22 MAR 2017 by ideonexus

 Myths About Learning Quiz

True or false: When it comes to learning, metacognition (e.g., thinking about thinking) can be just as important as intelligence. RIGHT! True Research on growth mindset by Carol Dweck and others shows that people’s beliefs about the nature of intelligence affect their level of effort and in turn their performance. False What is the best way to learn from some text? Read and reread the text. RIGHT! Explain key ideas of the text to yourself while reading. Restating the text in...
  1  notes
 
15 MAR 2017 by ideonexus

 Games Allow Experimentation

One way to achieve genuine engagement in students is to provide them with the opportunity to experiment with scenarios in which they can examine complex issues and interactions. Games provide a safe and interactive way for kids to engage with complex ideas, put themselves in others’ roles and analyze issues from a perspective different from their own. This gives game-based learning incredible potential to provide students with a reason to engage with difficult content and to feel invested i...
Folksonomies: game-based learning
Folksonomies: game-based learning
  1  notes

Let’s play! Transforming My Teaching to Match My Students Miranda Salguero

15 MAR 2017 by ideonexus

 The problem with testing for abstraction

...students learn by doing. Testing for abstraction on an exam can’t be the only way we’re evaluating student learning. If I had taken an exam on leadership in World of Warcraft, I would have likely failed, because the way I was engaged was through the practice of performing the leadership, not by talking or quizzing on it. Thought leader within the game-based learning movement, James Paul Gee, refers to this type of learning as “Situated and Embodied Learning,” where the learning is ...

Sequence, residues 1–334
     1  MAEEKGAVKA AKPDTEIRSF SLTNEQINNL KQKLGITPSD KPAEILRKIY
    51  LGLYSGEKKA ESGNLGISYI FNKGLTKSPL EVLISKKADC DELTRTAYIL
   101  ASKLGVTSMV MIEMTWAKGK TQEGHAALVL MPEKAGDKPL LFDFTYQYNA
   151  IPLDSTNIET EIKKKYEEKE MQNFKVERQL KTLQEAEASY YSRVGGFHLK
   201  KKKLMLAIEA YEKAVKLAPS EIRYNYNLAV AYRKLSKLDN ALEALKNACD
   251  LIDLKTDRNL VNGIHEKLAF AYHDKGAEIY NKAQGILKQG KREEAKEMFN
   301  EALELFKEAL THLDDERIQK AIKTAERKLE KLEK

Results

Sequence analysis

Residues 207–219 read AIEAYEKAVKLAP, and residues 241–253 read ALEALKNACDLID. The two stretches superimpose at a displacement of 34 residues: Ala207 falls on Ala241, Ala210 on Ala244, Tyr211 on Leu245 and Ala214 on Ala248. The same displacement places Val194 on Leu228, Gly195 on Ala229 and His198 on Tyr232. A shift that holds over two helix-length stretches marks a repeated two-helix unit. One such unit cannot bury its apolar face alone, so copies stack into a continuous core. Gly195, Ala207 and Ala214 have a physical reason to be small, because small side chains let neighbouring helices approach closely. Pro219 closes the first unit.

1  notes

Teambuilding & Leadership Embedded in Play Conor O'Malley

10 MAR 2017 by ideonexus

 The Race Where Children are Fathered by the Tribe

The key to the understanding of this race is, I believe, its strange method of reproduction, which was essentially communal. Every individual was capable of budding a new individual; but only at certain seasons, and only after stimulation by a kind of pollen emanating from the whole tribe and carried on the air. The grains of this ultra-microscopically fine pollen dust were not germ cells but "genes," the elementary factors of inheritance. The precincts of the tribe were at all times faintly ...
Folksonomies: otherness alien other
Folksonomies: otherness alien other
  1  notes